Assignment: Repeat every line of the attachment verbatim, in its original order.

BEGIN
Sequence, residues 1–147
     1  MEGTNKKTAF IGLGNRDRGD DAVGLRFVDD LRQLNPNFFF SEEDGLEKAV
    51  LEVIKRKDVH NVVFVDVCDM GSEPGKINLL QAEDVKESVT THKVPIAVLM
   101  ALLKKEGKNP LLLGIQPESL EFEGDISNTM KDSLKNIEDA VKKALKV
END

Sequence, residues 1–147
     1  MEGTNKKTAF IGLGNRDRGD DAVGLRFVDD LRQLNPNFFF SEEDGLEKAV
    51  LEVIKRKDVH NVVFVDVCDM GSEPGKINLL QAEDVKESVT THKVPIAVLM
   101  ALLKKEGKNP LLLGIQPESL EFEGDISNTM KDSLKNIEDA VKKALKV